William Baumol, economist of broad range and influence, dies at 95

William Baumol at desk

William Baumol, who died May 4, was the Joseph Douglas Green 1895 Professor of Economics, Emeritus, and senior economist at Princeton.

William Baumol, who made major contributions across a wide swath of economics and mentored two future Princeton University presidents, died Thursday, May 4, in New York. He was 95 years old.

Baumol was the Joseph Douglas Green 1895 Professor of Economics, Emeritus, and senior economist at Princeton, as well as the Harold Price Professor of Entrepreneurship and academic director of the Berkley Center for Entrepreneurship and Innovation in the Stern School of Business at New York University.

Baumol, who joined the Princeton faculty in 1949, conducted research on topics including industrial organization, regulation of industry, welfare economics, environmental policy and the economics of the arts. He was the author of more than 40 books and more than 500 articles in professional journals and newspapers. He transferred to emeritus status in 1992.

He might be best known for a concept that bears his name: Baumol's cost disease, which grew out of work he and William G. Bowen, later the 17th president of Princeton, conducted on the economics of the arts in the 1960s.

"They showed that slow-productivity-growth sectors face rising costs and prices compared to high-productivity-growth sectors," said Alan Krueger, the Lynn Bendheim Thoman, Class of 1976, and Robert Bendheim, Class of 1937, Professor in Economics and Public Policy. "This explains, for example, why college tuition and health care costs represent a rising share of our budgets."

Burton Malkiel, the Chemical Bank Chairman's Professor of Economics, Emeritus, and senior economist, cited Baumol's favorite example, "As Baumol liked to say: It still takes four musicians to play a string quartet, the same number as in Mozart's time." Meanwhile, productivity gains mean manufactured goods can be produced more cost effectively. So costs rise more quickly in fields that require lots of personally delivered labor, such as the arts, health care and education.

In a 2000 interview with Krueger, published in the Journal of Economic Perspectives, Baumol described how the concept came to him as he and Bowen examined budget information on arts groups.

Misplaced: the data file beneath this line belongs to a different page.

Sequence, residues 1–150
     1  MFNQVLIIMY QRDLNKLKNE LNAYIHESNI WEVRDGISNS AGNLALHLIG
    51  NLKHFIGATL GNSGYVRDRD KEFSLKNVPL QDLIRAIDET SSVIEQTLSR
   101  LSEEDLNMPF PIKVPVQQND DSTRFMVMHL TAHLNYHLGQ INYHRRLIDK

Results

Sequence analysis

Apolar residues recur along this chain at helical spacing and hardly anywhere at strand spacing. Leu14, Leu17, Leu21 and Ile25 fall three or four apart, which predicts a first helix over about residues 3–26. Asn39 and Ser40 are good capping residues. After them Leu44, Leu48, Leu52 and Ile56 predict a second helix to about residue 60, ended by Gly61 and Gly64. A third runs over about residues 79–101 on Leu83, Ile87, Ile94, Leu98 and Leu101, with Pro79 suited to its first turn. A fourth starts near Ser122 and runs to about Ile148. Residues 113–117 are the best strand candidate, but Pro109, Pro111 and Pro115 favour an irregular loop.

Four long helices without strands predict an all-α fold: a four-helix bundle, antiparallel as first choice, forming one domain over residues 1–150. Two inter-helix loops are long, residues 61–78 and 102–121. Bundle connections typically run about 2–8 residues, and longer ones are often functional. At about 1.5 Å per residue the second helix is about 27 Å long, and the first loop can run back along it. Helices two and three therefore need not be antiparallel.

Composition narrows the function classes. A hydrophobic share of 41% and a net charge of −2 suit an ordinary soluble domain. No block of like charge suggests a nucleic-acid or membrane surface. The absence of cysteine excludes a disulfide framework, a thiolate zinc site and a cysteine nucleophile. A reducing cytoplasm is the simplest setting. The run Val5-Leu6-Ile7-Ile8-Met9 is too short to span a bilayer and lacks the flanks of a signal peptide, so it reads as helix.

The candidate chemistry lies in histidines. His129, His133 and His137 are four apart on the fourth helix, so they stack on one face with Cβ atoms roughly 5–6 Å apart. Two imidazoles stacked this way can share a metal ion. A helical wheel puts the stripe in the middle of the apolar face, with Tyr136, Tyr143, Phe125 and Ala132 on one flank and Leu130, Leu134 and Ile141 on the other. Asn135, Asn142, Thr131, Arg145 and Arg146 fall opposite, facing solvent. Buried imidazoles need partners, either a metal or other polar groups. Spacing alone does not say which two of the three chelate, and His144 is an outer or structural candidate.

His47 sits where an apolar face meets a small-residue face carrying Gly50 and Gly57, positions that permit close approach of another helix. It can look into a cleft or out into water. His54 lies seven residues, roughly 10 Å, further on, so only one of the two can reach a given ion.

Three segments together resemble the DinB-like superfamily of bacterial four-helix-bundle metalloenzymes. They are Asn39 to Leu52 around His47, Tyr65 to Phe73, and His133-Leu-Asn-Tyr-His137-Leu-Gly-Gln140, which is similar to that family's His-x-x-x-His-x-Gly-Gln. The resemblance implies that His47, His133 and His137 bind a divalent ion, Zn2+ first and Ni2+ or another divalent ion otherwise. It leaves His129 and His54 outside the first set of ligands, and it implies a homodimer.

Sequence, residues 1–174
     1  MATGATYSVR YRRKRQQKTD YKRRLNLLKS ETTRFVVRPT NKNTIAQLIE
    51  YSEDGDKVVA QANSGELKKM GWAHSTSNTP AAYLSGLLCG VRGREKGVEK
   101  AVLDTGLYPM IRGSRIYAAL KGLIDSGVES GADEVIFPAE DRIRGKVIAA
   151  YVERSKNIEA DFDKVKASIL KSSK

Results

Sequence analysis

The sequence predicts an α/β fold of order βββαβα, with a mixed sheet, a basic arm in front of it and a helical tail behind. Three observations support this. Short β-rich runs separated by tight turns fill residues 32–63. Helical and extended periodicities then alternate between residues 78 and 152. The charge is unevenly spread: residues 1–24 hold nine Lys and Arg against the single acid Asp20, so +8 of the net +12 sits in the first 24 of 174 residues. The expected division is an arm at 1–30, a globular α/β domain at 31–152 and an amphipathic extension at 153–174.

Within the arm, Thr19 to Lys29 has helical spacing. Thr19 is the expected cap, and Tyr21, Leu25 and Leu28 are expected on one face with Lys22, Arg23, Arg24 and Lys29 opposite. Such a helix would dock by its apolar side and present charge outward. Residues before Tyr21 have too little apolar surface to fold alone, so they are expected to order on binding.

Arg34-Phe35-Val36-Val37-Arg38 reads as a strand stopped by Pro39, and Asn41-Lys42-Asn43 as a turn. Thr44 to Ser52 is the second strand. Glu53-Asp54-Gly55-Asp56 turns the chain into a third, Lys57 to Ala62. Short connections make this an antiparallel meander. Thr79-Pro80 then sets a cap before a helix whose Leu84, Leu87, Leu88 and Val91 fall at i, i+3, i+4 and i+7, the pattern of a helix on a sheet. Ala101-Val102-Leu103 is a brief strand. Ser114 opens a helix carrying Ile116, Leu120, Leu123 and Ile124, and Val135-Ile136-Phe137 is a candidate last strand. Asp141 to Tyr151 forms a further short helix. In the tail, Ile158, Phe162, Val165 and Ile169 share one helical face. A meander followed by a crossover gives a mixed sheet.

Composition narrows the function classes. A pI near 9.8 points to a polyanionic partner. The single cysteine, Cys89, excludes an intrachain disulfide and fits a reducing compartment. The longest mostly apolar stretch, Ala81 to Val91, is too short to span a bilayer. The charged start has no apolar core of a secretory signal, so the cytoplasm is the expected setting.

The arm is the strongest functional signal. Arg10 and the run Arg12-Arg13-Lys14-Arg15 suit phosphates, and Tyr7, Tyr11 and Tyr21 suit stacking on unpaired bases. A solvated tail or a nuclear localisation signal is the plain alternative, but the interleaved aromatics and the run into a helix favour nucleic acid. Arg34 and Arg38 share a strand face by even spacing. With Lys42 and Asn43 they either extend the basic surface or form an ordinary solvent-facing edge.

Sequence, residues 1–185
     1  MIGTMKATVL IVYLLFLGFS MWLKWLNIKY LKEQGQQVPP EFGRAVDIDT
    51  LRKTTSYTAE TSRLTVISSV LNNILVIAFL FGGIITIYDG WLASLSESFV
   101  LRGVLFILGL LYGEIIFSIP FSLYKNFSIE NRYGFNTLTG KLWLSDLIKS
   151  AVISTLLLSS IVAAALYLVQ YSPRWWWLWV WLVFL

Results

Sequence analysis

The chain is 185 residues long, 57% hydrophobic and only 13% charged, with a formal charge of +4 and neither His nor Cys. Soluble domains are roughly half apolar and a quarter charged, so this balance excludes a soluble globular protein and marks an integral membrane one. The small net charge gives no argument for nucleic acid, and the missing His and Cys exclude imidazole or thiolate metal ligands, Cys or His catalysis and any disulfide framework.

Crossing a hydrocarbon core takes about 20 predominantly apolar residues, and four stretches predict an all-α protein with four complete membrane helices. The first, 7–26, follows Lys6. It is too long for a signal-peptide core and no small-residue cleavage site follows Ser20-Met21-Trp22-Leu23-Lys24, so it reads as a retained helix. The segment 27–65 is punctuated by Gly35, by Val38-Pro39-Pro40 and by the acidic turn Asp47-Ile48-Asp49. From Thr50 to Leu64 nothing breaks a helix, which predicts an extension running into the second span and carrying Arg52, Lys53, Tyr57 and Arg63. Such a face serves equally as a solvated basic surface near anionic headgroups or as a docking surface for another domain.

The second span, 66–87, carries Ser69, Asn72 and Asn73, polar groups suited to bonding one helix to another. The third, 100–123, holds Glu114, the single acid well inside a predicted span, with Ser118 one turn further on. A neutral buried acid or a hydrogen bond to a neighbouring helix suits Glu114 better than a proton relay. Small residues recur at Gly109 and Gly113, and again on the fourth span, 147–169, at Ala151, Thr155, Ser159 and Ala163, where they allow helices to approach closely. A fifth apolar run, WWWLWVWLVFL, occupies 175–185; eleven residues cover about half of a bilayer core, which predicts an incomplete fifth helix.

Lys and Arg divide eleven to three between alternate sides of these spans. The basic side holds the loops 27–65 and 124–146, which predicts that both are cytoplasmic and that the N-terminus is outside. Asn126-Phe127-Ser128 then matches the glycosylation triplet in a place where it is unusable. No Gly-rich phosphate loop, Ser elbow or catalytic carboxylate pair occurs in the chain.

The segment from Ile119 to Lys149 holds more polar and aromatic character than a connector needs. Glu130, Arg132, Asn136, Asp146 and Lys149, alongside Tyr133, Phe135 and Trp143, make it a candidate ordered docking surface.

"Then one night, it was 4:00 in the morning, I suddenly woke up and said I know why those costs are going up!" Baumol said. "I got up, wrote down a few notes, and went to sleep again. That's literally how it happened."

Baumol was born in 1922 in New York City and, according to the interview with Krueger, knew he wanted to be a professor of economics by age 17. He earned his bachelor's degree from the City College of New York and his Ph.D. from the University of London. He was a junior economist for the U.S. Department of Agriculture and an assistant lecturer at the London School of Economics before joining the Princeton faculty. He joined the faculty at New York University in 1971 while continuing his Princeton appointment.

His most recent books include "The Cost Disease: Why Computers Get Cheaper and Health Care Doesn't" (2012); "Economics: Principles and Policy, 12th Edition" (with Alan Blinder, 2011); "The Microtheory of Innovative Entrepreneurship" (2010); and "The Invention of Enterprise: Entrepreneurship from Ancient Mesopotamia to Modern Times" (2010).

Baumol was the former president of the American Economic Association, the Association of Environmental and Resource Economists, the Eastern Economic Association, and the Atlantic Economic Society. He received 12 honorary degrees, including one from Princeton in 1999, and was a member of the National Academy of Sciences, the American Philosophical Society and the British Academy.

Asked to identify themes that run through his work, Baumol told Krueger that he always focused on applied theory.

"I'm interested in economics not as pure abstraction, but how it can help eliminate poverty, how it can help deal with all the problems we know and recognize," he said. Having come up with an abstract concept, Baumol said he would almost always follow up by asking, "Well, what can you do better with it that you couldn't do without it?"

Baumol was regarded as a gifted teacher and mentored Bowen, Harold T. Shapiro, who would become the University's 18th president, and Malkiel during their doctoral studies.

"One could not have asked for someone who was more caring and more willing to help on any issue that I had," Malkiel said. "This was certainly true for what he would do for the department, the teaching program and the University in general."

Baumol didn't limit his teaching to economics. A gifted painter and sculptor, he also taught a course in wood carving at Princeton.

Baumol is survived by his wife of 75 years, Hilda, daughter Jasmine and her husband Jim Wolf, son Daniel and his wife, Sabrina Lee, and two grandchildren.

Memorial contributions, in lieu of flowers, can be made to Planned Parenthood.

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